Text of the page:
Google started the Android project in response to our own experiences launching mobile apps. We wanted to make sure that there would always be an open platform available for carriers, OEMs, and developers to use to make their innovative ideas a reality. We also wanted to make sure that there was no central point of failure, so that no single industry player could restrict or control the innovations of any other. The single most important goal of the Android Open-Source Project (AOSP) is to make sure that the open-source Android software is implemented as widely and compatibly as possible, to everyone’s benefit.
Google oversees the development of the core Android open-source platform, and works to create robust developer and user communities. For the most part the Android source code is licensed under the permissive Apache Software License 2.0, rather than a “copyleft” license. The main reason for this is because our most important goal is widespread adoption of the software, and we believe that the ASL2.0 license best achieves that goal.
Launching a software platform is complex. Openness is vital to the long-term success of a platform, since openness is required to attract investment from developers and ensure a level playing field. However, the platform itself must also be a compelling product to end users.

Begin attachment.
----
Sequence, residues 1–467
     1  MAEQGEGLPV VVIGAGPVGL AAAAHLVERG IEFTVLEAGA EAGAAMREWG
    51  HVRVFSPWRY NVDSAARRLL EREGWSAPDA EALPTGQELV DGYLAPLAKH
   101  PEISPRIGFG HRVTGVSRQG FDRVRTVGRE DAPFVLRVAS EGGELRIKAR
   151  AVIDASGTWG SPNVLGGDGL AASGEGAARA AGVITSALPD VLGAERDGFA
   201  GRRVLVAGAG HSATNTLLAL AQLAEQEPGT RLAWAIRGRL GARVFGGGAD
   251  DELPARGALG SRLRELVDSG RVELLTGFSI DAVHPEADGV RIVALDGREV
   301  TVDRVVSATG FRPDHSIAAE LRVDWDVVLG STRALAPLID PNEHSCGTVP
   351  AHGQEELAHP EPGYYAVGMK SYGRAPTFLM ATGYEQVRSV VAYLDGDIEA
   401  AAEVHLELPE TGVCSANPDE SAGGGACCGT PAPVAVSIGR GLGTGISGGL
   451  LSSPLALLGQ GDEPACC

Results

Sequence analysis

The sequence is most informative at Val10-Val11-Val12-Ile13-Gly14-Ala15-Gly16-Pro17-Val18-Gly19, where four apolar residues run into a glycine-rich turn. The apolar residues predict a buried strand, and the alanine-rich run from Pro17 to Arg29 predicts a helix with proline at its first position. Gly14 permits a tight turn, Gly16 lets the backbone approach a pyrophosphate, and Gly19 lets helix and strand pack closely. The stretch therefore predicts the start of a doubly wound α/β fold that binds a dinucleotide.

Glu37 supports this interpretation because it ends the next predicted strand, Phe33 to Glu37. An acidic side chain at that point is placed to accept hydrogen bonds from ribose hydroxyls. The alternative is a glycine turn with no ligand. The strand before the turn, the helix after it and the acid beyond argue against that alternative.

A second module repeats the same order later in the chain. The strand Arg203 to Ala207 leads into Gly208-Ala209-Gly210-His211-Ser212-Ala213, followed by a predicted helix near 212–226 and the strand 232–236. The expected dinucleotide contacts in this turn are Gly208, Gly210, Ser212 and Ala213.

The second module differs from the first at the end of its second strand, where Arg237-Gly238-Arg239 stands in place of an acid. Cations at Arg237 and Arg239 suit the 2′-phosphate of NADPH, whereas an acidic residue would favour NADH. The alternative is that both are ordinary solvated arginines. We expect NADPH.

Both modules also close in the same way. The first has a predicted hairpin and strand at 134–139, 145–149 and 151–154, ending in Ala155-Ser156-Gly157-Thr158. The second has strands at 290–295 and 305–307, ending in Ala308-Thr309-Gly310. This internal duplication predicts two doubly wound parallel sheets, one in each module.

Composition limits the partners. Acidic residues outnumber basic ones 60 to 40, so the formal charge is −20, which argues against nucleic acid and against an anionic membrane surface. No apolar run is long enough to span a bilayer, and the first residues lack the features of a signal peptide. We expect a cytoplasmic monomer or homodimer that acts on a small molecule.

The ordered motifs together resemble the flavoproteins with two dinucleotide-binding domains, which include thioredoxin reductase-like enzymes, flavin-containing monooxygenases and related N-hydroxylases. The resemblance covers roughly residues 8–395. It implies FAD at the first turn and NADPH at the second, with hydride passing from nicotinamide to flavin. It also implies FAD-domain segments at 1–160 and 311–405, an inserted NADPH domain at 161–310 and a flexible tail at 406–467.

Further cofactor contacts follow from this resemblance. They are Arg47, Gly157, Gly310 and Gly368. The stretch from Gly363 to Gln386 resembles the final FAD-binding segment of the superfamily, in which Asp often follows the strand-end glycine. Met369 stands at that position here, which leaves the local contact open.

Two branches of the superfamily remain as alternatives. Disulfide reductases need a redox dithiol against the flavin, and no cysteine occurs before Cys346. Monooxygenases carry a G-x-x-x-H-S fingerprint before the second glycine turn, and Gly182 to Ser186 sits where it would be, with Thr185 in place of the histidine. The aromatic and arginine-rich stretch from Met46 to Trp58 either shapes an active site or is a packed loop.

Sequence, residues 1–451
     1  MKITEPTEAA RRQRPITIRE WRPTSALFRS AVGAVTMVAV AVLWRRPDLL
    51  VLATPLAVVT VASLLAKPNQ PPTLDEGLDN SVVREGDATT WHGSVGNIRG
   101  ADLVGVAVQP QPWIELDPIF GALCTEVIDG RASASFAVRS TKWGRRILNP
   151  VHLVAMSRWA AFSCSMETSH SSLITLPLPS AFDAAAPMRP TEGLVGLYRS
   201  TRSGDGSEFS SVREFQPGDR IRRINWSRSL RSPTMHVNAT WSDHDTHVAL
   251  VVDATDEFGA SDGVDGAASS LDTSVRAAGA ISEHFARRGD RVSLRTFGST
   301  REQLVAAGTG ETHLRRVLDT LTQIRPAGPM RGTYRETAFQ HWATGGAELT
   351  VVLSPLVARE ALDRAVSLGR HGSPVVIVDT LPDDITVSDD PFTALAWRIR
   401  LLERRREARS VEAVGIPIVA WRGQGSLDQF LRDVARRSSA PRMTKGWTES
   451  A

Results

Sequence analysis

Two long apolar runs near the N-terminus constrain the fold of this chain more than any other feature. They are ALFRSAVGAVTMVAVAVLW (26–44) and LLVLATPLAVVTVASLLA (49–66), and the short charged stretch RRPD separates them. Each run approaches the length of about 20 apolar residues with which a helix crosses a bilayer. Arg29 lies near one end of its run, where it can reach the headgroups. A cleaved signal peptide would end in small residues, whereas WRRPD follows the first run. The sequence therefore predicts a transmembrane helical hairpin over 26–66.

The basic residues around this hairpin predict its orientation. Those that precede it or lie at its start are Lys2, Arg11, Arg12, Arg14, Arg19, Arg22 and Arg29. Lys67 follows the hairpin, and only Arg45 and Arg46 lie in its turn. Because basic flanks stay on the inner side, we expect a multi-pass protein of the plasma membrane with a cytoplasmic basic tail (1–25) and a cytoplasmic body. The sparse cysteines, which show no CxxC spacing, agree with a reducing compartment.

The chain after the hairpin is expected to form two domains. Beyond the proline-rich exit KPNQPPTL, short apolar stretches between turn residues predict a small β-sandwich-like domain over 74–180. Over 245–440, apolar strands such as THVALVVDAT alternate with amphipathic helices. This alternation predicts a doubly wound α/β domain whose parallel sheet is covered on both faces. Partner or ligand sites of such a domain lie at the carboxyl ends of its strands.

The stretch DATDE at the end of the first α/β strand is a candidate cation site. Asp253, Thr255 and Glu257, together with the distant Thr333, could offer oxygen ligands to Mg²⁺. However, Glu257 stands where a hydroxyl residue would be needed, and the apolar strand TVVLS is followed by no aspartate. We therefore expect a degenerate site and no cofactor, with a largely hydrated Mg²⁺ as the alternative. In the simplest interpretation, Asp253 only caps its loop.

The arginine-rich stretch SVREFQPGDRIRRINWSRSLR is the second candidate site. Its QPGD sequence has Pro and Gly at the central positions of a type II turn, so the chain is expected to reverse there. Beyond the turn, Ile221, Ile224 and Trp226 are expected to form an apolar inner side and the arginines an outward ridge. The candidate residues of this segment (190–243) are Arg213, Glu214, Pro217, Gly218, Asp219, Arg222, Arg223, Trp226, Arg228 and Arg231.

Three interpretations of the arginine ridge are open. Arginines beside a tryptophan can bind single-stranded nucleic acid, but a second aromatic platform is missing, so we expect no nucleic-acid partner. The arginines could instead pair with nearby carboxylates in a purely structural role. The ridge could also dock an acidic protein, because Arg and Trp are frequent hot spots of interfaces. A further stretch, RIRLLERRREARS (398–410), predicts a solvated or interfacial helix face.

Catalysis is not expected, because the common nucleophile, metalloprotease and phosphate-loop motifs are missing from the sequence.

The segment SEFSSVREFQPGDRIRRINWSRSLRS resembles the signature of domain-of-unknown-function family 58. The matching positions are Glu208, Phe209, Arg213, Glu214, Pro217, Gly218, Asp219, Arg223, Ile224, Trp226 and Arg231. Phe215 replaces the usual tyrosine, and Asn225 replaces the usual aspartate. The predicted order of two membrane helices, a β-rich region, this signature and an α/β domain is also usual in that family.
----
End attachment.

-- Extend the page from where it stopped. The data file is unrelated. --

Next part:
That’s why Google has committed the professional engineering resources necessary to ensure that Android is a fully competitive software platform. Google treats the Android project as a full-scale product development operation, and strikes the business deals necessary to make sure that great devices running Android actually make it to market.
By making sure that Android is a success with end users, we help ensure the vitality of Android as a platform, and as an open-source project. After all, who wants the source code to an unsuccessful product?
Google’s goal is to ensure a successful ecosystem around Android, but no one is required to participate, of course. We opened the Android source code so anyone can modify and distribute the software to meet their own needs.
We focus on releasing great devices into a competitive marketplace, and then incorporate the innovations and enhancements we made into the core platform, as the next version.
In practice, this means that the Android engineering team typically focuses on a small number of “flagship” devices, and develops the next version of the Android software to support those product launches. These flagship devices absorb much of the product risk and blaze a trail for the broad OEM community, who follow up with many more devices that take advantage of the new features. In this way, we make sure that the Android platform evolves according to the actual needs of real-world devices.
Each platform version of Android (such as 1.5, 1.6, and so on) has a corresponding branch in the open-source tree. At any given moment, the most recent such branch will be considered the “current stable” branch version. This current stable branch is the one that manufacturers port to their devices. This branch is kept suitable for release at all times.
Simultaneously, there is also a “current experimental” branch, which is where speculative contributions, such as large next-generation features, are developed. Bug fixes and other contributions can be included in the current stable branch from the experimental branch as appropriate.
Finally, Google works on the next version of the Android platform in tandem with developing a flagship device. This branch pulls in changes from the experimental and stable branches as appropriate.